17. 17. Length <ul><li>In general, keep it short and sweet. Use links. </li></ul><ul><li>Weekly newsletter should be no more than five sections, with three or fewer paragraphs each, </li></ul><ul><li>Monthly newsletter can be double or triple that. </li></ul><ul><li>Promotional messages should be significantly shorter than a newsletter. </li></ul><ul><li>Include whole articles or just abstracts with links to the rest? </li></ul>
  18. 18. Spam Filters <ul><li>Spam filters built in Outlook, Hotmail, AOL etc. </li></ul><ul><li>Corporate email firewalls </li></ul><ul><li>Don’t trip the spam filters </li></ul><ul><ul><li>“ Free”, “opt-in”, “!!!”, “forward to a friend”, etc. </li></ul></ul><ul><ul><li>‘ Bcc’ </li></ul></ul><ul><ul><li>‘ To’ line doesn’t include recipient’s email address </li></ul></ul><ul><ul><li>Scripts </li></ul></ul><ul><ul><li>Attachments </li></ul></ul>
  19. 19. HTML vs. Plain Text <ul><li>HTML emails typically have twice the clickthroughs </li></ul><ul><li>HTML offers more control over layout </li></ul><ul><li>HTML looks more ‘polished’ (could be good or bad)‏ </li></ul><ul><li>Some old email clients can’t do HTML, e.g. Outlook 95 </li></ul><ul><li>“ Sniff” for HTML open or send multiple versions multi-part </li></ul><ul><li>Old versions of AOL only support a crippled form of HTML </li></ul>
  20. 20. Plain Text Emails <ul><li>Precede URLs with “http://” and emails with “mailto:” </li></ul><ul><li>Limit the line width to 65 characters </li></ul><ul><li>Headlines in ALL CAPS </li></ul><ul><ul><li>Reading text in caps is very slow, because people read only the tops of letters. ALL CAPS letters don’t have enough differentiation to them </li></ul></ul>
  21. 21. HTML Emails <ul><li>Tables - to control placement & avoid long lines </li></ul><ul><li>Graphics - <30k, will cause the recipient grief if reading email while offline, increases download time </li></ul><ul><li>Color - color text or color a table background, doesn’t impact download speed </li></ul><ul><li>Font - face, size, and color </li></ul><ul><li>Forms - embed in the email to make it easy for the recipient to respond to an offer, e.g. seminar registration </li></ul><ul><ul><li>Auto fill-in as many form fields as possible </li></ul></ul><ul><li>Scripts, Flash, Streaming Video - not recommended! </li></ul>
  22. 22. Your Database <ul><li>Collect more than just the email address </li></ul><ul><ul><li>Name (first name should be a separate field)‏ </li></ul></ul><ul><ul><li>Zip code, interests, and other relevant demographics </li></ul></ul><ul><ul><li>What else? </li></ul></ul><ul><ul><li>Also ask for info that you plan to use in the future </li></ul></ul><ul><li>‘ Text to Columns’ feature in Excel </li></ul><ul><li>In-house lists typically perform much better than purchased or rented lists </li></ul>
  23. 23. Personalize <ul><li>Tailor the offer to the individual. Beneficial offers are relevant offers </li></ul><ul><li>Provide customized content specific to recipient location and interests </li></ul><ul><li>Greet the recipient by first name. Perhaps even in the Subject line too. </li></ul><ul><li>To line should specify the recipient’s email address </li></ul><ul><li>Let the recipient control the contact frequency </li></ul><ul><li>Increases the likelihood of being at the right place at the right time with the right value proposition </li></ul>
  24. 24. Segment Your List <ul><li>By demographics, psychographics, clickographics (visiting behavior and transaction history)‏ </li></ul><ul><li>Target who’s most relevant, most profitable, or most likely to respond </li></ul>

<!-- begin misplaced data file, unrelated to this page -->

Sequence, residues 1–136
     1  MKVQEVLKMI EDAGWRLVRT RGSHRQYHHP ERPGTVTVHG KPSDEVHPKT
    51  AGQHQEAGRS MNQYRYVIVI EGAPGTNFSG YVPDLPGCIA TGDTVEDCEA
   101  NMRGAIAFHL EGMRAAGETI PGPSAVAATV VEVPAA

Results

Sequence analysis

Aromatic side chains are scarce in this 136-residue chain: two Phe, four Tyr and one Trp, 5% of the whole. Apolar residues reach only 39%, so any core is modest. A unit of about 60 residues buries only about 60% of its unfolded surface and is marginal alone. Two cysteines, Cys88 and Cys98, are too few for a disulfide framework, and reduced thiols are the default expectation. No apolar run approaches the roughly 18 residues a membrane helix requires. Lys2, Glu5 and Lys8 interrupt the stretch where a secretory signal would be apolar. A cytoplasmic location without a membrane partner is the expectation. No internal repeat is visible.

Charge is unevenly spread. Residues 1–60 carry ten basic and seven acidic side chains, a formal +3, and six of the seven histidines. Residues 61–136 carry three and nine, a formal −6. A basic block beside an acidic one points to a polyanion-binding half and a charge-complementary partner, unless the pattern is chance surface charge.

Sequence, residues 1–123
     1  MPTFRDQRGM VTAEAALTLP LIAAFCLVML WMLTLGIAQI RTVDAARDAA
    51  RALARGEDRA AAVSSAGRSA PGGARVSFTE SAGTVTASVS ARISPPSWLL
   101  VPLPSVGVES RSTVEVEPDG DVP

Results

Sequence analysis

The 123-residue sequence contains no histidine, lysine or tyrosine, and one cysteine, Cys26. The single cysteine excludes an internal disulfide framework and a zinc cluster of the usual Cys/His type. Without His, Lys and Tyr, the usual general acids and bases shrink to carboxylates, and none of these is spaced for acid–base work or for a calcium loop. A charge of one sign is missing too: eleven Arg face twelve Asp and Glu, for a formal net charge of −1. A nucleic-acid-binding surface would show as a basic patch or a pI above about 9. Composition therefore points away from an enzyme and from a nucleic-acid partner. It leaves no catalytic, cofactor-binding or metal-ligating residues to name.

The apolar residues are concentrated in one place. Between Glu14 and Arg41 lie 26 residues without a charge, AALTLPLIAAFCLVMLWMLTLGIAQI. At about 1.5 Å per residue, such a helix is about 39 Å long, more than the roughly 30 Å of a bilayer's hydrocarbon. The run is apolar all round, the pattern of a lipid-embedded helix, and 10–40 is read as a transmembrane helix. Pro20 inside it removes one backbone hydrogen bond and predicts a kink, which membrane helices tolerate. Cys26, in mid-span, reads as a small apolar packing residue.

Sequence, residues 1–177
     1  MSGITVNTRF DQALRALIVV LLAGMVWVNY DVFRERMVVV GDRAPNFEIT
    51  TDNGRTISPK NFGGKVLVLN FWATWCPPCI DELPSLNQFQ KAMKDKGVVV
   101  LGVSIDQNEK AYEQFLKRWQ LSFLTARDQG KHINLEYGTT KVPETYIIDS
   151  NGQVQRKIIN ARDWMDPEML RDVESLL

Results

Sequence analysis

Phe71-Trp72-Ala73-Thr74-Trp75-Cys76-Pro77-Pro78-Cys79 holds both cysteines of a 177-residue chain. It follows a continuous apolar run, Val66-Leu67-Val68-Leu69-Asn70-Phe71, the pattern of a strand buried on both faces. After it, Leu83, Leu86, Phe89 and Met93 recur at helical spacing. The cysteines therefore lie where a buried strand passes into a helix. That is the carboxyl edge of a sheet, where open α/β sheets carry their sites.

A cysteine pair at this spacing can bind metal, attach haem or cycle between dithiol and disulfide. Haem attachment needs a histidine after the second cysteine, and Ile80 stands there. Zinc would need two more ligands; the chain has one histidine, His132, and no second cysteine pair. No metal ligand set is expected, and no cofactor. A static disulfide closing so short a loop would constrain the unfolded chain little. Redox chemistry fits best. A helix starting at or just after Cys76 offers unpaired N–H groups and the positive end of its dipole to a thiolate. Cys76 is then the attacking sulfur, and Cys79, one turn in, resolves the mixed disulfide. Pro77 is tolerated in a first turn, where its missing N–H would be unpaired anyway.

25. 25. Buy or Rent Lists? <ul><li>Avoid the use of purchased lists </li></ul><ul><ul><li>Many have actually been “harvested” from web pages, newsgroup discussion posts, or domain contact information (from the “whois” database) – without the knowledge or permission of the affected individuals </li></ul></ul><ul><li>Rented lists from reputable list brokers may be worthwhile </li></ul><ul><ul><li>Is it double opt-in, fastidiously clean of unsubscribes, and finely segmented? </li></ul></ul>
  26. 26. A Veritable List Goldmine <ul><li>Email addresses of prospects, potential distributors and business partners, journalists </li></ul><ul><li>Member lists - associations, clubs, etc. </li></ul><ul><li>Find them with Google </li></ul><ul><li>Introduce yourself. Be personal and informal. </li></ul><ul><li>Careful! Potential spam territory </li></ul>
  27. 27. Test, Test, Test! <ul><li>Treat your email campaigns like experiments </li></ul><ul><li>Have a control group </li></ul><ul><li>Vary only one thing at a time </li></ul><ul><li>What to test? </li></ul><ul><ul><li>The offer, the Subject line, the From line, the message copy, the layout, the message length, the timing, the contact frequency </li></ul></ul>
  28. 28. Test, Test, Test! <ul><li>Track response rates of each test by making call-to-action URLs & e-mail addresses unique for each test group </li></ul><ul><li>Special attention should be given to the frequency </li></ul><ul><ul><li>don't allow recipient burnout, particularly with a regular mailing such as an e-mail newsletter </li></ul></ul><ul><li>Test and refine, test and refine </li></ul>
  29. 29. Software and ASPs <ul><li>Reduce the administrative headaches - the bounces and unsubscribe requests, the tracking, reporting, segmenting, and personalizing </li></ul><ul><ul><li>Do-it-yourself software. e.g. WorldMerge (‏ </li></ul></ul><ul><ul><li>Or outsource to an e-mail service bureau, e.g. MessageMedia ( or GravityMail (‏ </li></ul></ul>
  30. 30. In Summary <ul><li>Now you know how to get permission, build your database, personalize,segment, test, measure success </li></ul><ul><li>Newsletters vs. promotional campaigns </li></ul><ul><li>Frequency, length, content </li></ul><ul><li>The intricacies of HTML </li></ul>
  31. 31. Further Reading <ul><li>Successful Email Marketing by Debbie Mayo-Smith </li></ul><ul><li>Marketing With E-Mail by Shannon Kinnard </li></ul><ul><li>Permission Marketing by Seth Godin </li></ul>